It is interesting to contrast the behavior of the stock markets of the victors after the war (France, Belgium, Great Britain) with the loser Germany. France’s stock market behaved the best of the five after World War I while the German stock market, primarily as a result of the hyperinflation in 1923 and its closure during the 1930s, showed the worst performance. Germany suffered economic and political turmoil after their defeat in World War I and the stock market shows this.
This can be contrasted against the performance of the stock markets of the small countries that were neutral during the war. These countries’ stock prices did relatively well during the war with the stock markets of the Netherlands, Denmark and Norway doing particularly well. However, after the war, these countries’ stock markets underperformed. Each of these countries was dependent upon free trade and the barriers to trade that went into existence after World War I reduced their trade with the rest of the world. By 1929, when the American stock market was at the height of its bull market, only Sweden’s stock market was higher than it had been at the end of the war. All of the other stock markets declined in value with the Spanish, Swiss and Dutch stock markets doing particularly poorly.
Non-European markets showed none of the malaise that sank the European markets. The non-European markets did well between 1914 and 1918 in part because they were able to export goods to Europe. Once the war was over, all of the markets except Japan enjoyed strong bull markets until they peaked in 1929. The best performing of the group, the United States, was also the worst performing during the Great Depression.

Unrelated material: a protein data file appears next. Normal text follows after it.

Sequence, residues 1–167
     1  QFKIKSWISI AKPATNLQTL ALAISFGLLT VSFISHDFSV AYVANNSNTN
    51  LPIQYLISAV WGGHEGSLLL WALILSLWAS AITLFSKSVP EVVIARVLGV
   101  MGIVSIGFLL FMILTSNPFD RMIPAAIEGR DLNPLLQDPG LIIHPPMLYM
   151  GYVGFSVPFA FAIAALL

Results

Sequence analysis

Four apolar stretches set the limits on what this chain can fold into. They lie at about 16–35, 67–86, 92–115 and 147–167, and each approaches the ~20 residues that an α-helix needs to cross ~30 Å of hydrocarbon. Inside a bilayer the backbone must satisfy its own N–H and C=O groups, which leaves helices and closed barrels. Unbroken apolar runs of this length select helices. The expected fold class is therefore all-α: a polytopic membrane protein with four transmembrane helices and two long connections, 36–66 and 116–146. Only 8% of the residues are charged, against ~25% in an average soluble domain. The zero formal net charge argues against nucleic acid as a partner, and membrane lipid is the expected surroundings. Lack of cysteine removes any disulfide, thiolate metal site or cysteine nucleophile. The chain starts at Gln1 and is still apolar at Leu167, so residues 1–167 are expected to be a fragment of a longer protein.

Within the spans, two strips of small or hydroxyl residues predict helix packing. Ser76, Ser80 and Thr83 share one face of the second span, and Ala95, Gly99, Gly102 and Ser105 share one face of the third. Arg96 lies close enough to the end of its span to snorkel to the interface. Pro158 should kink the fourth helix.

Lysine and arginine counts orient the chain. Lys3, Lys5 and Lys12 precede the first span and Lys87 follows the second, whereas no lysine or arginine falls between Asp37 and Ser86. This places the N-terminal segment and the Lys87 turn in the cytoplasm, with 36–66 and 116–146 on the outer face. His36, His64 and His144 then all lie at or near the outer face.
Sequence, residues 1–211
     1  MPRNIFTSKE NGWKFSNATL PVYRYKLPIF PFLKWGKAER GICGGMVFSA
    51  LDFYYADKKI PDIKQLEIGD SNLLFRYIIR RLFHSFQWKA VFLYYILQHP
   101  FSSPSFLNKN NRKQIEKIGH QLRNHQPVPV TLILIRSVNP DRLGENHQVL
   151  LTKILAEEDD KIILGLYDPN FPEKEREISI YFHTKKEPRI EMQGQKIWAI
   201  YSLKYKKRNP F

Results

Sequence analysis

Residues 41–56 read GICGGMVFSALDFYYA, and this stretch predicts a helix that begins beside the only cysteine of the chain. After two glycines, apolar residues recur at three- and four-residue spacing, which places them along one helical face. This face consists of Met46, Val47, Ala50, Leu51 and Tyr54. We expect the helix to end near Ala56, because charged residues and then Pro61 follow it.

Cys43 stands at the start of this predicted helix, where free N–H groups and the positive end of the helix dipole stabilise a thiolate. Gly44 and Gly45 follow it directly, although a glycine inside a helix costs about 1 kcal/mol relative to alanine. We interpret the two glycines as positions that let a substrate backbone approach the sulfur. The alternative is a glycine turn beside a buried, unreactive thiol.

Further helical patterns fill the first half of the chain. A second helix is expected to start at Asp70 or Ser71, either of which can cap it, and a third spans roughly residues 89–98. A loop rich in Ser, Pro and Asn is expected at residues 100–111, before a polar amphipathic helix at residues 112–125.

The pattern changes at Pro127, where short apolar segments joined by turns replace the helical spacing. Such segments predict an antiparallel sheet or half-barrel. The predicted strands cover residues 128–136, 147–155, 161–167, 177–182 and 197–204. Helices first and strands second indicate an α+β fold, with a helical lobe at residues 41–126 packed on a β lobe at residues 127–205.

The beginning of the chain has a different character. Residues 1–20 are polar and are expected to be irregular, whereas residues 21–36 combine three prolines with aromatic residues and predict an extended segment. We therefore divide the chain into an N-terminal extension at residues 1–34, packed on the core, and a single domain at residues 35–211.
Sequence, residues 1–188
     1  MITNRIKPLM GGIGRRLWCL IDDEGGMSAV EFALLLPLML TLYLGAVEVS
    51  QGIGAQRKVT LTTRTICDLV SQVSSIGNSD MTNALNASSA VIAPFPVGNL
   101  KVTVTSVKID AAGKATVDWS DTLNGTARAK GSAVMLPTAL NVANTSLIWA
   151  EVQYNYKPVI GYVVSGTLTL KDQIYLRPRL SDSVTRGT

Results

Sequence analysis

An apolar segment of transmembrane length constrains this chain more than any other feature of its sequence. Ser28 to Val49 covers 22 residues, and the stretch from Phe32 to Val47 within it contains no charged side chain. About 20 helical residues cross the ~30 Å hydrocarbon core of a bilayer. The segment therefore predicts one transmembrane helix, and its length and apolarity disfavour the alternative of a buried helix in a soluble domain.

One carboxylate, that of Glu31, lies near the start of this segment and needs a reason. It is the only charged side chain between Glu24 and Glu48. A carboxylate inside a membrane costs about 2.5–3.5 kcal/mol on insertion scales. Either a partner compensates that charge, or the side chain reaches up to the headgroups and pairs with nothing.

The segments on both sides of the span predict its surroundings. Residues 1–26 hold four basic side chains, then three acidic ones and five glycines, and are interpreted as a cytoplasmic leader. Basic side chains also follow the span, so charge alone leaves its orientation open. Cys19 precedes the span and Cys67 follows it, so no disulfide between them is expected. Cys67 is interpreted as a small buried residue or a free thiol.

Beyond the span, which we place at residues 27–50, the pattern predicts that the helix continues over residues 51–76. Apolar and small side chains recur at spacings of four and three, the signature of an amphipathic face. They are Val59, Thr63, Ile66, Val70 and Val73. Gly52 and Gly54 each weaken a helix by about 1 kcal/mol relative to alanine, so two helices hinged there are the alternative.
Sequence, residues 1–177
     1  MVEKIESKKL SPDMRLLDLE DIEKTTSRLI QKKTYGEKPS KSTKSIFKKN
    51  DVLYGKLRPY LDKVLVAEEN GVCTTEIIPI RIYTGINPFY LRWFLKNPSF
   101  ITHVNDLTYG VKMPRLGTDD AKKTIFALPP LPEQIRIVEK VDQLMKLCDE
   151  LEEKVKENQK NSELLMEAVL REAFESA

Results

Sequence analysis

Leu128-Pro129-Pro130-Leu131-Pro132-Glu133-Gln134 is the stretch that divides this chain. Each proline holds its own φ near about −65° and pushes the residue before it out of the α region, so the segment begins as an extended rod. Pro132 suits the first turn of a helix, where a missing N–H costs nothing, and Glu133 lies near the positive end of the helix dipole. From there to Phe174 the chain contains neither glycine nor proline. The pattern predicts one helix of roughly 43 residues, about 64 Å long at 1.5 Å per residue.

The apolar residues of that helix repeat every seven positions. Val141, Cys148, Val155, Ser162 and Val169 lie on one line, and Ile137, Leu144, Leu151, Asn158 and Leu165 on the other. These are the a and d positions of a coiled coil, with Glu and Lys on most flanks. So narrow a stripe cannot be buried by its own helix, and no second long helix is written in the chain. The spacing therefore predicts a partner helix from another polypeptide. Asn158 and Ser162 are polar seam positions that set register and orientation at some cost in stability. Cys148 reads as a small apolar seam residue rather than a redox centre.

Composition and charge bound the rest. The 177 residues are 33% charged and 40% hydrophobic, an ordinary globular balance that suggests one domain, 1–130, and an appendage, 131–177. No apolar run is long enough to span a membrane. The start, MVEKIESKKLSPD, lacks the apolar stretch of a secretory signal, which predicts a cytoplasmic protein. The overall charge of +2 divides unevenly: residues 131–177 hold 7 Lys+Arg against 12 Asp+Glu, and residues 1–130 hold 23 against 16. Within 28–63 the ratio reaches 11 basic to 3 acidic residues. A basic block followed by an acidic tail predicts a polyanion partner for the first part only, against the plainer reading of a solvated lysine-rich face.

Each country’s role in World War I was a strong predictor of their performance both before and after the war. Combatants did poorly during the war and their performance after the war depended upon whether they were a victor or were defeated in the war. Neutral European countries profited from the war and their stock markets did well until 1918, but those countries underperformed once the war was over with because of the restrictions on trade that existed. Non-European countries did well, both during and after the war.
Regardless of their performance, it should not be forgotten that the world did not return to the globalized, integrated financial markets that prevailed before World War I. World War I was followed by the uncertainty of the 1920s, the Great Depression in the 1930s, and World War II in the 1940s which introduced even more restrictions on the movement of capital than World War I. After World War II, foreign exchange flows were restricted between countries until the 1970s, and it was only in the 1980s that global capital markets began returning to the globalized capital markets that had existed before World War I.
Global stock market returns were lower than average between 1914 and 1981 throughout the world. World War I impacted global financial markets not just from 1914 until 1918, but for decades after. Let’s hope for the sake of investors and everyone that a similar war never happens again.